It is for that reason that God did not give the laws of the Torah to the Patriarchs. First there was a need to learn through personal trials and tribulations. The Patriarchs and Matriarchs had to see with their own eyes what happens when people are not governed by law. But most important, they had to become aware of basic moral values, such as the fact that all human beings are created in the image of God, that all are equal, that human life is holy, and that there is only one God Who is at the root of all morality. Only after people have been deeply affected by these ideas and values can law be introduced as a way to put it all into action.

It was only after the existential, moral turmoil in which Avraham, Yitzchak, and Yaakov frequently found themselves, as well as their often problematic encounters with God, that a virtuous and religious awareness was born. This consciousness continued to work its way, with all its ups and downs, through the bondage in Egypt, the Exodus, and the splitting of the Reed Sea. Not until that point was there a chance that the law could be received and be beneficial when given at Sinai. And even then it was not very successful, as recorded in the many disturbing biblical stories about the Israelites failing to live up to the law in Moshe’s days and long afterwards.

But it is not just the fact that narrative, ethical values, and encounter with the Divine are necessary to have before the law can be given. There is another important message: no law, including divine, can function without constantly and continually taking guidance from these former values. There is almost nothing worse than divine law operating on its own, without primary, innate moral values. It runs the risk of turning wild and causing great harm. It needs to be constrained.

This is the purpose of Sefer Bereishit. (See Netziv’s introduction to Bereishit in his Ha’amekDavar.) It is a biting critique of the halachic system when the latter is applied without acknowledging that these prior moral values are needed in order to function. The book of Bereishit, then, keeps Halacha under control. It restricts and regulates it, and ensures that it will not wreak havoc.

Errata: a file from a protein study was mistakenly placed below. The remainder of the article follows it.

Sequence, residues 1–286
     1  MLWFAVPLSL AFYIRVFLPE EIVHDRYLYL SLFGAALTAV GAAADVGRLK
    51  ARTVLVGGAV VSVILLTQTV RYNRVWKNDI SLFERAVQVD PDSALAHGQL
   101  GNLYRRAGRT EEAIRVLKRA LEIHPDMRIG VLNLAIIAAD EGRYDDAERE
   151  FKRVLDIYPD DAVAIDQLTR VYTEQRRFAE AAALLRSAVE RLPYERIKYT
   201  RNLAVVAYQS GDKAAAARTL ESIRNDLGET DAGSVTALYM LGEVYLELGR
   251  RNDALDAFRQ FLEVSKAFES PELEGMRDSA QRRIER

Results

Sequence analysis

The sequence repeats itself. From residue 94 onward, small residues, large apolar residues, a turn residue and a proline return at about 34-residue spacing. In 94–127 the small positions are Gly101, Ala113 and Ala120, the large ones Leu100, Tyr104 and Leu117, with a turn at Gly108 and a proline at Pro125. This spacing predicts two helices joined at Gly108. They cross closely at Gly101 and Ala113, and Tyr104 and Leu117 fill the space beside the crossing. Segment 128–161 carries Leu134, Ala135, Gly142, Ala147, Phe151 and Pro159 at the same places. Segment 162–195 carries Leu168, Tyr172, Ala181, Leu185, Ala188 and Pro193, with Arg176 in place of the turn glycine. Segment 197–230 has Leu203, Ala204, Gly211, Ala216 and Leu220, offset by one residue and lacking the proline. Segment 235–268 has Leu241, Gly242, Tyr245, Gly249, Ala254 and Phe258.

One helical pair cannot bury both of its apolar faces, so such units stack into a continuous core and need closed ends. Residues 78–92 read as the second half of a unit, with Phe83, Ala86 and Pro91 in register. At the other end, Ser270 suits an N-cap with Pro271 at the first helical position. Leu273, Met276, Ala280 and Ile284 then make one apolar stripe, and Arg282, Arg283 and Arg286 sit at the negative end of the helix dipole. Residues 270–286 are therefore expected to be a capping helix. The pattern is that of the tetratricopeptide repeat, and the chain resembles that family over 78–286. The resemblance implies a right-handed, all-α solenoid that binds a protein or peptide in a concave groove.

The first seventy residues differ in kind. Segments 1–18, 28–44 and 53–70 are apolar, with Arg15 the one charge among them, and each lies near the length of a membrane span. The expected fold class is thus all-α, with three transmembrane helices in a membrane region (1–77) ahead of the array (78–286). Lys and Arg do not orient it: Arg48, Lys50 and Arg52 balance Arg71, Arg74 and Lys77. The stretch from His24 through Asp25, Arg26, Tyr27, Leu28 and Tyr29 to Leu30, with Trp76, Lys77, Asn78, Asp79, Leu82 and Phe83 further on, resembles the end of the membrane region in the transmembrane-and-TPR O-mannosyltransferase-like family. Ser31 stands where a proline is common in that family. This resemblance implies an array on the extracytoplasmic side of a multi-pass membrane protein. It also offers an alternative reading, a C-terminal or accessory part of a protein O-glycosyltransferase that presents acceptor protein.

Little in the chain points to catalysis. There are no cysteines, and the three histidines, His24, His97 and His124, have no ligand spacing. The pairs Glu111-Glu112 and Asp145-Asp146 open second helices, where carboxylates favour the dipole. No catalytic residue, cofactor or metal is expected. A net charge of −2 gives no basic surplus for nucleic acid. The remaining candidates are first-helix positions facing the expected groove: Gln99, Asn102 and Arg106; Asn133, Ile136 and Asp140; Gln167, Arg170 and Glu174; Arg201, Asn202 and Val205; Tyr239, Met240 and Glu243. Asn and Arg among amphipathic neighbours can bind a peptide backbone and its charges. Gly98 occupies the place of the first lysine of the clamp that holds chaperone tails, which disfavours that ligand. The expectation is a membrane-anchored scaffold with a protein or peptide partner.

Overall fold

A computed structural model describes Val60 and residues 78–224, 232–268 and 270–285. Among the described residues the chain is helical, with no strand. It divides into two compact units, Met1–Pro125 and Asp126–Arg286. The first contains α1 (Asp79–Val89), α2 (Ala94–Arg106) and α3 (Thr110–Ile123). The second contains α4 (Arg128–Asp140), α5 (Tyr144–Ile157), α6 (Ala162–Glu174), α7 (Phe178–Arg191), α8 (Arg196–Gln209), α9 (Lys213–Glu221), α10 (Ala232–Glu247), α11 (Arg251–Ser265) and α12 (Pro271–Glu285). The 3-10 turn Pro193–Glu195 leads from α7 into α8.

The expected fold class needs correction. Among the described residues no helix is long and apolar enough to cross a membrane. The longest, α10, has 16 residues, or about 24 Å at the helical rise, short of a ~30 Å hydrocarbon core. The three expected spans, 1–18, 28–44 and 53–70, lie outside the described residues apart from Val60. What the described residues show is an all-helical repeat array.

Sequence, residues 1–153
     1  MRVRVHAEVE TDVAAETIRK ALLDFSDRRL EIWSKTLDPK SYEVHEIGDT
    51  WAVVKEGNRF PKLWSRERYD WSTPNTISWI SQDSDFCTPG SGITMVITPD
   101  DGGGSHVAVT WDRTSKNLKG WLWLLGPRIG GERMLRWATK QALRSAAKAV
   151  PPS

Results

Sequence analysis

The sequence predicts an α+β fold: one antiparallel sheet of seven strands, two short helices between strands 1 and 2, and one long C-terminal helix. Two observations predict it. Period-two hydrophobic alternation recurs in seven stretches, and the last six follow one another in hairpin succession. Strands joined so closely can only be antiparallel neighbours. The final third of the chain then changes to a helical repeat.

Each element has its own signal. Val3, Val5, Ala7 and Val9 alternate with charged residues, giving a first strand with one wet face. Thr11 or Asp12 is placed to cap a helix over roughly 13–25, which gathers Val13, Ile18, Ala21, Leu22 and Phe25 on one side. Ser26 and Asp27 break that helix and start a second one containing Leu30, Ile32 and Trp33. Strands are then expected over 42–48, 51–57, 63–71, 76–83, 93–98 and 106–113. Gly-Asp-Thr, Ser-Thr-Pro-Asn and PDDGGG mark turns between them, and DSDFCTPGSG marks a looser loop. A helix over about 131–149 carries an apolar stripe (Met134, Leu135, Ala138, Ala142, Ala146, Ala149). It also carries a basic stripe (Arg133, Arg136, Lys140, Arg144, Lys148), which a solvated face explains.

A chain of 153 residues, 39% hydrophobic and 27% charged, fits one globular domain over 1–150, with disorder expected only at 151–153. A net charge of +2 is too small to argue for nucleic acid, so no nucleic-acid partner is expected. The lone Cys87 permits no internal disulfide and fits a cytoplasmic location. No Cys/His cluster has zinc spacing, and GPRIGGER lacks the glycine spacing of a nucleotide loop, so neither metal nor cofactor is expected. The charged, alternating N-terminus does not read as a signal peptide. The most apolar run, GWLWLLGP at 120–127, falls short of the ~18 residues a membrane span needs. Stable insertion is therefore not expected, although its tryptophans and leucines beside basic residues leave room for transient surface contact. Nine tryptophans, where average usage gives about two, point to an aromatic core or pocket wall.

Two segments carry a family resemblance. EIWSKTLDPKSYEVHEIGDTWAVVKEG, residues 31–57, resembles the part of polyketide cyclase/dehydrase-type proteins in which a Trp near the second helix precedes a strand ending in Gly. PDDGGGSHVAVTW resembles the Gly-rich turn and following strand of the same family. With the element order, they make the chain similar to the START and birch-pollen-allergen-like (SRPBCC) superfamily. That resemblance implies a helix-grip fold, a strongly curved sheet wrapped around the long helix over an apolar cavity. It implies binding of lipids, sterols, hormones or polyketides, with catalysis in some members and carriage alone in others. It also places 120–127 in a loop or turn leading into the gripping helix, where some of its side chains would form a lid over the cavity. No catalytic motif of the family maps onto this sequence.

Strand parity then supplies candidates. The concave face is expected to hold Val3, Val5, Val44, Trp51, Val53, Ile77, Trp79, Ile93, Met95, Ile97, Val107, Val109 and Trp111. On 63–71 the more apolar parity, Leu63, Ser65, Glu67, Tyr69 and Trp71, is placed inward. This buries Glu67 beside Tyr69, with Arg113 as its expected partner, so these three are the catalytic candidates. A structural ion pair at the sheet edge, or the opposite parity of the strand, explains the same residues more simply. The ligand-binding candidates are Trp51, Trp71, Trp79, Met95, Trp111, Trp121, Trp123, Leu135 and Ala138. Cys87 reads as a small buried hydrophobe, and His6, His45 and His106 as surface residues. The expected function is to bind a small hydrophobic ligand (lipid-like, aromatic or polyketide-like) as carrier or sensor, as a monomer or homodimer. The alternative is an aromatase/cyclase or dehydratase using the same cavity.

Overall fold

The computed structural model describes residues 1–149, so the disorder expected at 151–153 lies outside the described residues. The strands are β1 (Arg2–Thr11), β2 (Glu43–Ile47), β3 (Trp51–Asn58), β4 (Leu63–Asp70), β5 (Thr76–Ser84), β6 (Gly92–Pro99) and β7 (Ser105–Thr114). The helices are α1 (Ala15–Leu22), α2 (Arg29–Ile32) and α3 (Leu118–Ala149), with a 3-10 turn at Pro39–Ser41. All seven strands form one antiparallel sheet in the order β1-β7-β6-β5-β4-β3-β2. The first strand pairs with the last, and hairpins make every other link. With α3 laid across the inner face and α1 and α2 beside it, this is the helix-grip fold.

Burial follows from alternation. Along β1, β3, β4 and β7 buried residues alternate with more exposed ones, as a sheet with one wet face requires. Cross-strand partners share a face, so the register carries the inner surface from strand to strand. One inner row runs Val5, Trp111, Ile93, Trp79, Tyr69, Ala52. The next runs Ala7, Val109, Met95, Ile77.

Truly great poskim (halachic arbiters) cannot lay down their decisions on the basis of Jewish law alone. The Shulchan Aruch (Codex of Jewish Law) by Rabbi Yoseph Karo, and the Mishneh Torah of Rambam can become dangerous if applied in a vacuum. What these poskim must realize is that they need to incorporate the great, religious moral values for which Sefer Bereishit stands.

To be continued…

 

Rabbi Dr. Nathan Lopes Cardozo

Israeli Court Rules: It Is Criminal for Jews to Enter Areas Where Police Cannot Control Arab Violence

Sunday, September 4th, 2016

Israeli District Court last week ruled that Jews commit a crime when they enter without prior arrangement with security forces an area where their lives would be in danger due to Arab violence. The area in question, Joshua’s Tomb in Samaria, is in Area B where there are no restrictions on Jewish travel. On its face the ruling is tantamount to a NY City judge punishing a victim of violence for entering a dangerous neighborhood without first receiving police permission.